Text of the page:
Wednesday, January 17th, 2018

Giggle, Gaggle & Google Parts I & II
Zalman Velvel

My wife spent a week designing and building their house. It was an elegant and expensive abode, strong and safe as Fort Knox. I scrutinized the construction and evaluated the design; my input was ignored, even though I am experienced in renovation.
The following day, she brought them to their new home, across the pond from us. They were young and innocent, and devastatingly cute – we didn't know then how they would test the boundaries of our marriage. Instead, we oohed and aahed like wide-eyed children, though I'm past 50, and my wife is a month younger. (If my wife asks, please report honestly that I said she was younger than me, and I did not give her actual age.)
The next step was the naming.
"Seymour, Penelope, and Dr. D.," my wife suggested.
"Maybe for a Jewish accountant, a Greek Goddess, and a black rap singer, but not for them," I answered, exercising my veto power.
"How about Poo, Tigger, and Piglet?" Those were our children's thoughts, who are way past legal voting age.
Another veto. If I had to look at them every day, sometimes for hours, they had to have names I could relate to. These were not a bunch of bears, a throng of tigers, or a pack of porkers, but a group of geese, technically known as a gaggle.
"What do you suggest, Dad?"
"How about Giggle, Gaggle, and Google?"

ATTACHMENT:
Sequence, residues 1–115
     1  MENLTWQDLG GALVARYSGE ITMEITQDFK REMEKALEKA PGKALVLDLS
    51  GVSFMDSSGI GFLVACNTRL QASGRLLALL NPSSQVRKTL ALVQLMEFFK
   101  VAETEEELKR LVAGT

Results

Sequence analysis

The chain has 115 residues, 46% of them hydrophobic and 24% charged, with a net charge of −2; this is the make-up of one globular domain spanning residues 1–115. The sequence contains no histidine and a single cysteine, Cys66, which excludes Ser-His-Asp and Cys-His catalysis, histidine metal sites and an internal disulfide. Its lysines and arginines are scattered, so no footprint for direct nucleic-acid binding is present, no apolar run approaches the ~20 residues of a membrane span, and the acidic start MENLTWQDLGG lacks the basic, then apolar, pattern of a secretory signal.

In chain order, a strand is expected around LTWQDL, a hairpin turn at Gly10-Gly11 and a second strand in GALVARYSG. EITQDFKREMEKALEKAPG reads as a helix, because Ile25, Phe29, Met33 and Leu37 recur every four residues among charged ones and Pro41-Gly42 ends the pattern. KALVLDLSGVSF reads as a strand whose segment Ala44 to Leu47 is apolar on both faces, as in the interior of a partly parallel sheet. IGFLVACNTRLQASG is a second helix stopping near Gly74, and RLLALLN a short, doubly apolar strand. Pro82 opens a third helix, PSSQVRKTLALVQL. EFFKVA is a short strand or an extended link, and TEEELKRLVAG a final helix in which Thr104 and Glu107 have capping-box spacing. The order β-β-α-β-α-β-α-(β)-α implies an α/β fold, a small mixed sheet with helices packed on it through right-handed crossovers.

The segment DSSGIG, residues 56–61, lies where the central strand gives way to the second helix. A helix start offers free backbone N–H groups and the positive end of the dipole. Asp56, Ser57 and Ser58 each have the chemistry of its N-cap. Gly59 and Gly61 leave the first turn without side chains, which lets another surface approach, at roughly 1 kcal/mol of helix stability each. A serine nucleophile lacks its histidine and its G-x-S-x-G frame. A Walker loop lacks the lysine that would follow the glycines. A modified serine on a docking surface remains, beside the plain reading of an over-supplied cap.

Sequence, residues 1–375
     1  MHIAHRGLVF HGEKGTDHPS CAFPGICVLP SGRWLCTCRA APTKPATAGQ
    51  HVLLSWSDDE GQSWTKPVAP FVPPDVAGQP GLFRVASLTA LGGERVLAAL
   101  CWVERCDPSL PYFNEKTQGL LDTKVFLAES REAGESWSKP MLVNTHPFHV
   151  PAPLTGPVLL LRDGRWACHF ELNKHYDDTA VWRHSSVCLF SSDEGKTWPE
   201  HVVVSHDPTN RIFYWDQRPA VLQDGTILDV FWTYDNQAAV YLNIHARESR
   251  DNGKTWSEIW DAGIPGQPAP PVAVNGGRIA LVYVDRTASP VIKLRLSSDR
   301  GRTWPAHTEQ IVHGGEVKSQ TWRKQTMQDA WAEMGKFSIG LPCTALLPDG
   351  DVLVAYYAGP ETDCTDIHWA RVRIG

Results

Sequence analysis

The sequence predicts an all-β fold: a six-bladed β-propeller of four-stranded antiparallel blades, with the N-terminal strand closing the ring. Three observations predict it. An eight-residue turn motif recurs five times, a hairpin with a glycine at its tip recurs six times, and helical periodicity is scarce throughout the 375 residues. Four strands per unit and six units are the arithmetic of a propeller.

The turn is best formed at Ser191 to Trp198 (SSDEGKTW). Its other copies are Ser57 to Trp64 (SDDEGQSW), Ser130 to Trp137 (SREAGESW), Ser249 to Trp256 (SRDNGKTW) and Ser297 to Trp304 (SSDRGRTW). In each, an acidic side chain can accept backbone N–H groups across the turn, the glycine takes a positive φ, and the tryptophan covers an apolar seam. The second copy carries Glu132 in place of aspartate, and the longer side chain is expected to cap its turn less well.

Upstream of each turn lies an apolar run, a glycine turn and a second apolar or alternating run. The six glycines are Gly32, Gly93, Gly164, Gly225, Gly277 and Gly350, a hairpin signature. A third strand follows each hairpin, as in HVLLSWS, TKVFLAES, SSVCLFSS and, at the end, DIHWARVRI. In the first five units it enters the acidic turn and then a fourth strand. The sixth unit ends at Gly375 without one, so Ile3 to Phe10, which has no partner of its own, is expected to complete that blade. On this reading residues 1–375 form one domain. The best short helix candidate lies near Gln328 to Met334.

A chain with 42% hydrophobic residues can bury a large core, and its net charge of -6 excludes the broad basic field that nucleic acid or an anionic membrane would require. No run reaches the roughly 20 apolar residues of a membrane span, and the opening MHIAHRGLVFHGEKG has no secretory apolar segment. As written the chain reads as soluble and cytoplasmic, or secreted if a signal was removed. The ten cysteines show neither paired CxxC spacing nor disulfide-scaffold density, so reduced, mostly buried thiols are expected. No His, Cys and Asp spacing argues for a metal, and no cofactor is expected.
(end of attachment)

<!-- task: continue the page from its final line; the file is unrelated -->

Yes, the names sounded silly. But they worked for me.
Now, you might have been wondering, why would a man older than a half-century want to look at geese for hours? Well, I am a writer, and sometimes I attempt to write humor. During these foolish attempts, there are lapses when the words come slowly, and with great difficulty. When this happens, I stare over my computer screen, out the large window in front of my desk, at our pond.
I long for something to stare at in our tiny body of water, during these periods of psychic emptiness, something natural and playful. For the last three years, all I saw was an occasional bass breaking the surface as it devoured a smaller fish. This image tended to give my sense of humor a nasty bite.
I have made my wishes vocal over the last three years, in the form of whining. My wife tired of listening to me and went out and bought my three amusing muses from a local farmer: Giggle is pure white, Gaggle is mostly white with gray flecks, and Google is half white and gray.
We kept out fear silent. Two people who have lived together for more than 25 years do not have to express the words, to know what the other is afraid of.
The fear dated back ten years previous when we lived at a house without a pond. One Sunday, I brought home three baby ducks purchased from a local flea market. We kept them in a small chicken wire pen, open at the top, letting them out to swim in their own little kiddie pool. I loved watching them play in the water, like happy children.
One morning, after about a month, my wife let out a scream. When I ran over, she was standing by the duck pen, crying.
"What's wrong?" I asked.
© Copyright 2012 by Zalman Velvel Inc.
You may print this story for yourself, but not make copies without author's permission.

Über den Author: stuv